The Popular Economy and a New Labor Market
The term “popular economy”—economía popular—covers a range of self-employed and precarious work that includes activities such as waste picking, street vending, textile work, family farming, construction of social infrastructure, and socio-community care. These forms of work have three defining aspects: the absence of a salaried employment relationship, labor-intensive activity with a low level of productivity, and based on cultura popular—a culture being based on popular knowledge and their way of doing things. Furthermore, these forms of work lack institutional recognition, that is, they are unregistered in the social security system and often other kinds of legal registration. This sector has a significant number of migrant workers, mainly from other Latin American countries like Bolivia, Peru, and Paraguay.
The phenomenon of the popular economy can be traced back to the 1970s, under the economic policy of the military dictatorship in Argentina. Its growth coincides with the implementation of neoliberal policies in the country under the Washington Consensus in the nineties and the ensuing economic, social, and political crises, and its growth, therefore, is very different from the unemployment situation in Western European countries where the exclusion of sectors of workers was linked to automation. As Cappa and Campana point out in another work on the subject:
Currently, universal income proposals being debated in industrialized countries, with high levels of labour formality and extensive unemployment insurance coverage, are often linked to discussions around the “future of work.” These debates consider the impact of automation and robotization on the labour market (ILO, 2019), in which a non-labour minimum income guarantee implies a response to this secular trend. The situation in our country is very different. The existence of a large segment of the excluded population, of which workers in the popular economy are part, is not a direct consequence of the advance of automation, but responds to causes linked to underdevelopment, typical of dependent countries, with incomplete industrialization processes and respond to historical processes that become structural characteristics, more linked to the past than to the future. In this framework, the guarantee of a universal minimum income can act as an automatic stabilizer at the macroeconomic level, as unemployment insurance does in the developed world, but adapted to the reality of the local labour market, where contributory insurance is unable to reach millions of people who work outside the formal labour market.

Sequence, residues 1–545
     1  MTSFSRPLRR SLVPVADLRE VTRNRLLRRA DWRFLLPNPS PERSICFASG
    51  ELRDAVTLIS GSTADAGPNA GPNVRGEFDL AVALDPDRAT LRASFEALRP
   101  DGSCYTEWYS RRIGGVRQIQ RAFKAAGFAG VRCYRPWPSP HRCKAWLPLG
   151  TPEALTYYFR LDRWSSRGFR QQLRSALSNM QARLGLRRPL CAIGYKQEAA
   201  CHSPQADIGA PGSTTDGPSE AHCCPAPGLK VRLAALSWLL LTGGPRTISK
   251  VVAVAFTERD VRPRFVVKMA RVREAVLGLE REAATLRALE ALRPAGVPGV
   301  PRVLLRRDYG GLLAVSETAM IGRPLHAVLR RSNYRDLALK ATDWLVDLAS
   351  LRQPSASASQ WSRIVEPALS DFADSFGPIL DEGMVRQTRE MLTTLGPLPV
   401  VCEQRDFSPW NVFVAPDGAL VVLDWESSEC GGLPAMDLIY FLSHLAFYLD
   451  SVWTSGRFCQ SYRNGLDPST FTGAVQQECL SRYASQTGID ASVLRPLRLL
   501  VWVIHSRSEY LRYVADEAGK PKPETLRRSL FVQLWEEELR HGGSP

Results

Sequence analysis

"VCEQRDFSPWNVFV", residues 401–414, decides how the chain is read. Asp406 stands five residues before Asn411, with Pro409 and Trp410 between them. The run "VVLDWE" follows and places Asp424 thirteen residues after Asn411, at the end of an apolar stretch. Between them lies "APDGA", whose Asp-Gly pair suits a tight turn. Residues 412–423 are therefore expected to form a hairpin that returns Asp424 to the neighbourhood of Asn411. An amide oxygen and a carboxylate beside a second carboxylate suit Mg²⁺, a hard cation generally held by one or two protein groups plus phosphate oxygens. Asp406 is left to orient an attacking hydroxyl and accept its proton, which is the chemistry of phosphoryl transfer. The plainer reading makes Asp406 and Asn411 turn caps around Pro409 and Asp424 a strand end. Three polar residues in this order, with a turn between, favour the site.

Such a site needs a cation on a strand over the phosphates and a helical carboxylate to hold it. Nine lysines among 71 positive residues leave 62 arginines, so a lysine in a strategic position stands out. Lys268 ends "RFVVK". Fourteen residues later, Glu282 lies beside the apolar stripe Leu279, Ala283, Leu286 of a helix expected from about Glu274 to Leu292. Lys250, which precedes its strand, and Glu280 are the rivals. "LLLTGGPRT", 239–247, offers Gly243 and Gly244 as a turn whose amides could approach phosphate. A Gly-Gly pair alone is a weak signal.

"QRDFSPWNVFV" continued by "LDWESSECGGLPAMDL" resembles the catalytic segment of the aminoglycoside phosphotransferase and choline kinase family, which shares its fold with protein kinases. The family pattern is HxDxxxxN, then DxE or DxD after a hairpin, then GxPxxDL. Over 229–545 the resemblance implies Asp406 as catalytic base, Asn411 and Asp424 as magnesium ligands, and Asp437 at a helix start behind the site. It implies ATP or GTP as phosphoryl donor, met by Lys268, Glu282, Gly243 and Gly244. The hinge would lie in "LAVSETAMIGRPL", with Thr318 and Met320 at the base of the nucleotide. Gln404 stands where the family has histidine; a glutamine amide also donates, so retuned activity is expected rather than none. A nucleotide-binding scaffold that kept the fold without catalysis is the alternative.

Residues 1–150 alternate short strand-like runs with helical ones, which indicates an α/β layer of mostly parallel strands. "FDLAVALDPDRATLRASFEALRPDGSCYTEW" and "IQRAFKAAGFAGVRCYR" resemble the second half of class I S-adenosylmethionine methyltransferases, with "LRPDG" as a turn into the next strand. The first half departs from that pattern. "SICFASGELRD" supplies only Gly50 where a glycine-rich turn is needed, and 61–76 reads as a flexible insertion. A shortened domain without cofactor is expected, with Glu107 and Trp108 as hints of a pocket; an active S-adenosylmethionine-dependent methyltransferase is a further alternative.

The popular economy has stabilized itself as a specific and relevant sector of the labor market over the last twenty years and has maintained a level over time that makes this sector a structural phenomenon.
The Phenomenon of the Working Poor
With poverty in the first half of 2022 reaching 36.5 percent of people, it has come to affect a significant part of the working class, regardless of sector (formal, informal, popular economy, or others). It encompasses an astounding 50.9 percent of children under fourteen; among the population aged 65 and over, 12.1 percent were below the poverty line.
The poverty rate is higher among workers in the popular economy (35.5 percent).